• 2004 Indian Ocean tsunami;
  • Maldives;
  • particle size;
  • reef island;
  • settling velocity;
  • tsunami sediments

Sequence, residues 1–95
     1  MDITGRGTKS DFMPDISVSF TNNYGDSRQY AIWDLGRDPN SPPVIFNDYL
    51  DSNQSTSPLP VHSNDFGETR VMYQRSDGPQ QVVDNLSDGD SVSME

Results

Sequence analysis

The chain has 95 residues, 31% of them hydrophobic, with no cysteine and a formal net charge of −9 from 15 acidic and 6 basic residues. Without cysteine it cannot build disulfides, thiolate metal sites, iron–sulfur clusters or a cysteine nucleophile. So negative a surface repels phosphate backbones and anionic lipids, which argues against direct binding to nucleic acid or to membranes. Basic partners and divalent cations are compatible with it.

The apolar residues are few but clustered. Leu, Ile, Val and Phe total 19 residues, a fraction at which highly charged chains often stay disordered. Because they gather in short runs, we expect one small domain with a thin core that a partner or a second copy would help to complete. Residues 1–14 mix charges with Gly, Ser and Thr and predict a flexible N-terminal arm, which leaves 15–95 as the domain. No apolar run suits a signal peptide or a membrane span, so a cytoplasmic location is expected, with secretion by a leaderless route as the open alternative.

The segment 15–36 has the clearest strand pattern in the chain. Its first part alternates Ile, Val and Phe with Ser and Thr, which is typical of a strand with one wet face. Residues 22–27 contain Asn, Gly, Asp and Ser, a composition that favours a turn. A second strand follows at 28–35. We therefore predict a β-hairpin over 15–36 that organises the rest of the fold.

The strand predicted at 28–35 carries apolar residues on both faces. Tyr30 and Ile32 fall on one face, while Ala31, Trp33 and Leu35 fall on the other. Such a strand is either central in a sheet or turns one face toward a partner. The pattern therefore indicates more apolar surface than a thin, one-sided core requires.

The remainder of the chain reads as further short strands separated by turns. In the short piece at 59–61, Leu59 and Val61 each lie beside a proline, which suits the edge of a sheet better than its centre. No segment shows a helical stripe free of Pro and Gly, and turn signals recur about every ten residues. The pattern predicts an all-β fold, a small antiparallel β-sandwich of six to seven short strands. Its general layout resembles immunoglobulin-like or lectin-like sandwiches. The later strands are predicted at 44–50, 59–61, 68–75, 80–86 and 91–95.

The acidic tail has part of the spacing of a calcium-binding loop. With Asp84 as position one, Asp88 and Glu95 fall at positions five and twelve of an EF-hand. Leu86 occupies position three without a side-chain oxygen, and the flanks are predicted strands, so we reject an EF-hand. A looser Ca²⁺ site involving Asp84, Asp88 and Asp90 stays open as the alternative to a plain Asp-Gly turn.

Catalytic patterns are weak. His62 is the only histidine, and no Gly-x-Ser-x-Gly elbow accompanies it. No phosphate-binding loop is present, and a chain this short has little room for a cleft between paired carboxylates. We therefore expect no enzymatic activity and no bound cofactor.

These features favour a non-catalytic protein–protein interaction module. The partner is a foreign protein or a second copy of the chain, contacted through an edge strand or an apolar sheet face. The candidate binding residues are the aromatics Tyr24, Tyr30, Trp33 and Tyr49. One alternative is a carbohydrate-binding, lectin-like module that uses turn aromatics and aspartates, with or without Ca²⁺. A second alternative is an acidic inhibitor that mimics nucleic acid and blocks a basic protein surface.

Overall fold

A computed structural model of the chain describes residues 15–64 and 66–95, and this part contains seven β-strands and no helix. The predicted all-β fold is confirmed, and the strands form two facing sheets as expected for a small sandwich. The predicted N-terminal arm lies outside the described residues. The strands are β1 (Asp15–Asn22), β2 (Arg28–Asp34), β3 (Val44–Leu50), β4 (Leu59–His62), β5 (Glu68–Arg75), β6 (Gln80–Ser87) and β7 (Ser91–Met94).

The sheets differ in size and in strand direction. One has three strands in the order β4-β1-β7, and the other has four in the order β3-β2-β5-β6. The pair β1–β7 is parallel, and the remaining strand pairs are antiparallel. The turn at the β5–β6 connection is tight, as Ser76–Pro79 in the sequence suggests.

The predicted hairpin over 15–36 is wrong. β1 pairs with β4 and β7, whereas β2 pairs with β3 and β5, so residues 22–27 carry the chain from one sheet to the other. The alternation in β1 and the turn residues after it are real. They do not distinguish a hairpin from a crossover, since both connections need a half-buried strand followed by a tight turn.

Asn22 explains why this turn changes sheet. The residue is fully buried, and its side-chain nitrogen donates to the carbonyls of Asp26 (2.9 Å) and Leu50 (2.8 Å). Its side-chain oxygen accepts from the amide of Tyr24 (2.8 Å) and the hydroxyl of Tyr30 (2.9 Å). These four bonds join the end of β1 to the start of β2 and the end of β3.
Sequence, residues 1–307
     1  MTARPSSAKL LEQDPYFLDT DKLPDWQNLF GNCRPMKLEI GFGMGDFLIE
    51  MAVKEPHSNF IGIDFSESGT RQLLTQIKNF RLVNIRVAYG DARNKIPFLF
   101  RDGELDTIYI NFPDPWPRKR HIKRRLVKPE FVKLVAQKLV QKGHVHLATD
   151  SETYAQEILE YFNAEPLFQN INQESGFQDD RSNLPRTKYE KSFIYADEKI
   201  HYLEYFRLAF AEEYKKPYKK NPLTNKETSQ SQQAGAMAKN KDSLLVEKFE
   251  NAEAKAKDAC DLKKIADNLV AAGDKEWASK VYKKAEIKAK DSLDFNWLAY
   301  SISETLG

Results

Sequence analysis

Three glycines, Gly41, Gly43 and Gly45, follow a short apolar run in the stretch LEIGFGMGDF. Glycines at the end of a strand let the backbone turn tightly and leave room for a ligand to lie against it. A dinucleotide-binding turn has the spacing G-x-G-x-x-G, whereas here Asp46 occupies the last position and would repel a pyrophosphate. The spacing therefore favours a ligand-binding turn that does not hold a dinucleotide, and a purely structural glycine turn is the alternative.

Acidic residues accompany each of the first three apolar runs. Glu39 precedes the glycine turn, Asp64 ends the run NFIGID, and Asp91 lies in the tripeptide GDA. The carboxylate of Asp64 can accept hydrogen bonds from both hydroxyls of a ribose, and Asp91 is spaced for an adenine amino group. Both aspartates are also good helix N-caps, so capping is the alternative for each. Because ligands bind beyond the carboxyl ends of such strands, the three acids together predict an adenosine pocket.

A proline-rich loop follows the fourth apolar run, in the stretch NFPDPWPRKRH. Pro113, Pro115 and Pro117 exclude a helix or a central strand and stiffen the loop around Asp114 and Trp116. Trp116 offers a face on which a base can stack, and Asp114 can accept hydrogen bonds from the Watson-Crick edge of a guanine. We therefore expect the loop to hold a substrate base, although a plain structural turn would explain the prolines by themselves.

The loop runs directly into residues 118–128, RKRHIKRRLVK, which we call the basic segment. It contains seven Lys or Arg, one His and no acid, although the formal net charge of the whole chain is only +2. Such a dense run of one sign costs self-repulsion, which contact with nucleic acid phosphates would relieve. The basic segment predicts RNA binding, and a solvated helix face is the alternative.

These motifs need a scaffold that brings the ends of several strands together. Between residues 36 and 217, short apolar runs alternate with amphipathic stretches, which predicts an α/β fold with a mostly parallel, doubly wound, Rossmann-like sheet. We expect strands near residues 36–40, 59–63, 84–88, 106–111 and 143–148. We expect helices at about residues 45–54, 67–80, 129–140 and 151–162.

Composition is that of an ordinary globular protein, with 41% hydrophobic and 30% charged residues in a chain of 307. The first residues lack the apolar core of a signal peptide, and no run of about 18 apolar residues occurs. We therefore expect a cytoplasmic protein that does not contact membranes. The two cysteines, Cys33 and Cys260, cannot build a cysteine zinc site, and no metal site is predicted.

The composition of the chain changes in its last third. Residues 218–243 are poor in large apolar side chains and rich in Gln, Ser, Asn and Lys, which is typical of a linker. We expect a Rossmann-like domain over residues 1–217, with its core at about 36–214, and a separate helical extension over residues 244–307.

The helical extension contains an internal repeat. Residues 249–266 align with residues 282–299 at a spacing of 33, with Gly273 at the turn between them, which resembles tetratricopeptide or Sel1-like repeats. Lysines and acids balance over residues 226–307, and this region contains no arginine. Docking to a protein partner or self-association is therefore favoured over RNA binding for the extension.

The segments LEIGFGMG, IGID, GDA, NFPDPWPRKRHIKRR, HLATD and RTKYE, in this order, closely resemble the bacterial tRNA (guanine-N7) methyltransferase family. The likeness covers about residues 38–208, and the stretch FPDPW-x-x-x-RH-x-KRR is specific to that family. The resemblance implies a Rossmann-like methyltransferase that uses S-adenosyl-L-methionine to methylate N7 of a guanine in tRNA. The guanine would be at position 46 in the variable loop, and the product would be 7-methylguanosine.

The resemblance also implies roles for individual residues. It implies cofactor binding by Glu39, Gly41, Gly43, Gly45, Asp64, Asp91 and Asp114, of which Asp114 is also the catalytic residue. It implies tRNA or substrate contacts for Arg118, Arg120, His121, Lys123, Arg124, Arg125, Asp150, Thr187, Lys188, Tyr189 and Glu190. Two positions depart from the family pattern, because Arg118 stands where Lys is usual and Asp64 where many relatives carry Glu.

Observations of carbonate sand sheets deposited by the December 2004 Indian Ocean tsunami across island surfaces in the Maldives archipelago provide an opportunity to investigate tsunami flow behaviour across relatively simple coastal forms. This paper presents data on tsunami sand sheet deposits for five islands located along an east–west transect through the central atoll of South Baa. Sedimentary data include: field measurement of sand sheet planform, thickness and volume; descriptions of sedimentary structure and stratigraphic relationships with underlying surfaces; laboratory measurement of grain-size as a proxy of settling velocity; and observations of post-depositional changes to sand sheet characteristics two years following the Indian Ocean tsunami. Results show cross-atoll trends in volume and form of sand sheets that are interpreted as a proxy of waning and scattering of energy, as the wave train interacted with the shallow waters and numerous islands of the atoll. On individual islands, the basin topography resulted in tsunami overwash but no return flow, so that sand sheets are the product of unidirectional flow, with evidence in grain-size trends for minor acceleration across landward slopes. A key finding is the evidence for rapid post-depositional changes to the form and extent of tsunami deposits. Within two years of deposition, reworking of the seaward edge of sand sheets has destroyed the thickest part of the deposit and the thinner landward part of the sand sheets has been reworked by bioturbation. This study concludes that the preservation potential of these tsunami deposits is low to moderate, with the only probable recognizable signature being local variation in the micro-topography of island surfaces.